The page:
Opening a bar anywhere is tough, but you must have true resolve to open one in New York City.

In a place that is constantly changing and where the newest spot always reigns supreme, it’s a challenge to break through the noise and become a mainstay. But it can be done, if you have the right tools and amount of motivation.

To learn more about what drives bartenders to open more than one bar in NYC, we turned to Ravi Derossi (Honeybee’s, Amor y Amargo, Night Music, Ladybird, Mother of Pearl), Eric Kruvant (Mister Paradise, Paper Daisy, Drexler’s) and Kenneth McCoy (The Rum House, Ward III, La Ventura) for insight. For the latest story in Chilled’s Ask a Bartender series, we raise the questions of how to sustain multiple successful bars in New York, how the struggles differ between each establishment and the piece of advice that someone who wants to open a bar in The Big Apple should know.

Eric Kruvant portrait

Eric Kruvant

They say you have to be crazy to open a bar or restaurant in NYC. That said, what motivated you to open your first bar in New York?

Ravi Derossi: The motivation behind my first bar was more out of desperation and necessity than anything else. I’d been an artist or in school most of my life. After September 11, things changed. The economy changed, and people were holding on to their money rather than spending extravagantly. I had some money saved up but was running out, and god forbid I go and get a job working for someone else, which I had not done since I was very young. I knew nothing about how to run a business. I had a serious passion for alcohol, more on the drinking side, and I remembered reading a stupid quote somewhere saying something to the effect of “if you do what you love, you’ll never work a day in your life.” So, I thought I’d open a bar. Somehow I figured out how to do it without any lawyers or partners or investors.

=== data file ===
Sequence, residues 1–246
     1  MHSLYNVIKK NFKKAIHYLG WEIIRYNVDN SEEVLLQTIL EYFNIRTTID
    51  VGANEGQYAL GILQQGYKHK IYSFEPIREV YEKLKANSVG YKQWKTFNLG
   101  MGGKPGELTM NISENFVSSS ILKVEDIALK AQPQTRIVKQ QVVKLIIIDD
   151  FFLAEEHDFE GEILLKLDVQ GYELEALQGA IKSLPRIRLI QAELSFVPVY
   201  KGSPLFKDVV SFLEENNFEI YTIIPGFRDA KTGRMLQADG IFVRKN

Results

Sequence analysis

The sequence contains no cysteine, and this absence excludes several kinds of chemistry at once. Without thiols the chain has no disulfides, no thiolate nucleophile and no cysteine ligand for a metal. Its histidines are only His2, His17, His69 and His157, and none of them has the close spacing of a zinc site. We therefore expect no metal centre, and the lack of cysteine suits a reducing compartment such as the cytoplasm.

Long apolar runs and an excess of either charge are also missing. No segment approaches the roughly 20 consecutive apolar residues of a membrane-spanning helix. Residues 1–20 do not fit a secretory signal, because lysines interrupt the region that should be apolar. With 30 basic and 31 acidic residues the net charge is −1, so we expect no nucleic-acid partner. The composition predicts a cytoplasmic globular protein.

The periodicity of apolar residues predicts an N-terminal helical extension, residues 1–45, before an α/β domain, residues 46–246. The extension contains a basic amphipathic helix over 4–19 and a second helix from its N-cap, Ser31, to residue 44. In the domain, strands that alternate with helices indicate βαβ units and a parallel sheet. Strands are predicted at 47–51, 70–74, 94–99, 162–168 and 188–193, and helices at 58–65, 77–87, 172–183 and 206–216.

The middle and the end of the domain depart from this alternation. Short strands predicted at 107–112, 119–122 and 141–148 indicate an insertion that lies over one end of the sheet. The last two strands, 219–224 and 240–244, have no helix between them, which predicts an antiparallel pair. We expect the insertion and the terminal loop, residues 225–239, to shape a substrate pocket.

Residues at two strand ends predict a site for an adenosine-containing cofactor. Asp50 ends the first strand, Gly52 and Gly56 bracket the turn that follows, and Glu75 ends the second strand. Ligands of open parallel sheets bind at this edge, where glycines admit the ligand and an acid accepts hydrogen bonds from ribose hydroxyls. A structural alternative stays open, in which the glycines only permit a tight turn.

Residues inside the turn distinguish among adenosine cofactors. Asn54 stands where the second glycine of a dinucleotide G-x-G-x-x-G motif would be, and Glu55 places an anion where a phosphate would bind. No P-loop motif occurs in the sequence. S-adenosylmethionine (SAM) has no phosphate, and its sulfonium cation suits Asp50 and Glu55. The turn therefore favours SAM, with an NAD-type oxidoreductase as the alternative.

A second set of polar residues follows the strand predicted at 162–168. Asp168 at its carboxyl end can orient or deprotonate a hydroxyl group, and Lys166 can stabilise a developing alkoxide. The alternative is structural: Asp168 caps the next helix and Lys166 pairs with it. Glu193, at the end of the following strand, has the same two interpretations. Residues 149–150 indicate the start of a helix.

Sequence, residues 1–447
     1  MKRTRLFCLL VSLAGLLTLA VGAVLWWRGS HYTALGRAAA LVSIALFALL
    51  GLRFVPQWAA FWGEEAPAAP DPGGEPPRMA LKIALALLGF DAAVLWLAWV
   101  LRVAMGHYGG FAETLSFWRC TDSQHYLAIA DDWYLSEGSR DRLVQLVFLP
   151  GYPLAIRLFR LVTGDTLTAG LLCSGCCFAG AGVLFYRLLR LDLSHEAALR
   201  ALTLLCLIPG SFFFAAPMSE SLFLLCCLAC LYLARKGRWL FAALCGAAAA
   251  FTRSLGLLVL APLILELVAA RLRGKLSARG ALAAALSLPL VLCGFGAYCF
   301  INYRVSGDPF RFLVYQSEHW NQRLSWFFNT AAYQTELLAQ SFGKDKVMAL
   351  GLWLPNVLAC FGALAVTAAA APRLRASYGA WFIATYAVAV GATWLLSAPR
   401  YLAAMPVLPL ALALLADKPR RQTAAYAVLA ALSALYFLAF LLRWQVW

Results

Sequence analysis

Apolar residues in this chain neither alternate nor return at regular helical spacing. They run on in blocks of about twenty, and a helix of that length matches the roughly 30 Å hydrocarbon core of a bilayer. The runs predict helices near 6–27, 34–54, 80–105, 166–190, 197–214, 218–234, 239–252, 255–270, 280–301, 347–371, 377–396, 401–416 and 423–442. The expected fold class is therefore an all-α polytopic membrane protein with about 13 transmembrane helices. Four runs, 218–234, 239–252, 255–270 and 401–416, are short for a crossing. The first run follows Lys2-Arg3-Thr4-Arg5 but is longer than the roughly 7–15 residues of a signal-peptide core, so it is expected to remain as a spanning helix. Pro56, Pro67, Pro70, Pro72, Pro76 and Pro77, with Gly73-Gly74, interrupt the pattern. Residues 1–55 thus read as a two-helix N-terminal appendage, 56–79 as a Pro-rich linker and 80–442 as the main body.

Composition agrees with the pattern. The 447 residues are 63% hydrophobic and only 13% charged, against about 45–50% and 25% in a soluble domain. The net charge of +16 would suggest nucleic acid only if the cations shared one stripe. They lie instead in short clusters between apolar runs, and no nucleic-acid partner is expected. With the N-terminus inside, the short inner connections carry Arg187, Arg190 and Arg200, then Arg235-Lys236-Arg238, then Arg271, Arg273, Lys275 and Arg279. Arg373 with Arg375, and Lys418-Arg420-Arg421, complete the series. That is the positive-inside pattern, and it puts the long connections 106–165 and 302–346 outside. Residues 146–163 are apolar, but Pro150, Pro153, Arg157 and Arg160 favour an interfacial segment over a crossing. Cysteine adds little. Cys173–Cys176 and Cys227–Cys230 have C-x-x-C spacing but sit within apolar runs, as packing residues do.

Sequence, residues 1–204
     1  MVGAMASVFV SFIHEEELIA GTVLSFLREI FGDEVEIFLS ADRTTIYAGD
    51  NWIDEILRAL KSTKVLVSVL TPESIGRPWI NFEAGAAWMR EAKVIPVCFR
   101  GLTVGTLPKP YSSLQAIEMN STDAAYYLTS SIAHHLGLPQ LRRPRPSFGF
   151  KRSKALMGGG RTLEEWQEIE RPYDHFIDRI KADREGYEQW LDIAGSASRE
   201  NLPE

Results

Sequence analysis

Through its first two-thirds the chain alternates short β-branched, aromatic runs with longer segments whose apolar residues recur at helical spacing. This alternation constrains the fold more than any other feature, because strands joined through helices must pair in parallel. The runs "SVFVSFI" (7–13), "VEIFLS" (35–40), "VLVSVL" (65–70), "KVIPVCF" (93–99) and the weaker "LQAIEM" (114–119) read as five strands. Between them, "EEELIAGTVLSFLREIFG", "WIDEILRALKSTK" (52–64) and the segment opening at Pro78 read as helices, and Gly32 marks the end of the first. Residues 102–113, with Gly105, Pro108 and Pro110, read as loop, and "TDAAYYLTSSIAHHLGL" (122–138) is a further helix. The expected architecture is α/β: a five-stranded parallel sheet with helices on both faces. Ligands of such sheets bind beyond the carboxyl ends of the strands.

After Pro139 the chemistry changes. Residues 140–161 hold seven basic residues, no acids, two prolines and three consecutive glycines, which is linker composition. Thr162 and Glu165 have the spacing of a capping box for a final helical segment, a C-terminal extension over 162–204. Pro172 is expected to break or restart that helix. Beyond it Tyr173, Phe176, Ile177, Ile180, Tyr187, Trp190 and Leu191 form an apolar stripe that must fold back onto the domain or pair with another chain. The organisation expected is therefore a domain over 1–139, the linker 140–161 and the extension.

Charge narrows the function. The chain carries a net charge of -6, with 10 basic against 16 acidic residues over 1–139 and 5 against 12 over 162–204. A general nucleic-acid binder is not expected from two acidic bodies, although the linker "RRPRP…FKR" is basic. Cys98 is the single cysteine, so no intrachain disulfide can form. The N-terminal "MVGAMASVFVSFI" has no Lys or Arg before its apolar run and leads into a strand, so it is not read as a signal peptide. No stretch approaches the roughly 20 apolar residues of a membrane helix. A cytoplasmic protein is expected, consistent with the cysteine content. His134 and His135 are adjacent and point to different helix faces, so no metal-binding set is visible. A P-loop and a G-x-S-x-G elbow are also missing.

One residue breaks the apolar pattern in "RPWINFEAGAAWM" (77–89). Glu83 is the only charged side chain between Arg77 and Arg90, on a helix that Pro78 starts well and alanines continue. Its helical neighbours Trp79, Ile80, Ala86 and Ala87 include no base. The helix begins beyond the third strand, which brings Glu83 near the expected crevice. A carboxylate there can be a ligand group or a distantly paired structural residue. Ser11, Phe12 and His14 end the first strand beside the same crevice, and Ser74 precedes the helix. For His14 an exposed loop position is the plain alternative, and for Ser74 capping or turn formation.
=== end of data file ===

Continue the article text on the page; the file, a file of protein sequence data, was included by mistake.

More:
Eric Kruvant: It was honestly more circumstance than anything. I was lucky to have been a part of the management team for a group of guys who liked to give opportunities to those who worked with them for a while. My first project was also in a space that I was very familiar with (I had managed the business we took over), and it’s not the most complicated operation. I learned a lot during that year of building and opening. Once that business turned out to be successful, it gave me a bit of confidence to do a few more.

Kenneth McCoy: I had been working in the industry for awhile and grew up around bars as my father had places in NYC in the 70s and 80s. I wasn’t exactly a kid at 36 when we opened Ward lll. After many years of working for other folks, you want to set out on your own. We were hungry, ballsy guys.

If there was one piece of advice you could give to someone who wants to open a bar in NYC, what would it be?

RD: Do it, go for it, but expect to fail. Most likely you will. Then try again and again. Eventually, you’ll figure it out. There is nothing wrong with failing, it’s the best way to succeed.

EK: Ooof, I don’t know. In the current climate with changing labor laws and enormous rents, it’s complicated. I guess if it had to be something, I’d advise that you really know your partners well. Opening bars and restaurants is hard, so making sure you have a good relationship with those closest to you is extremely important.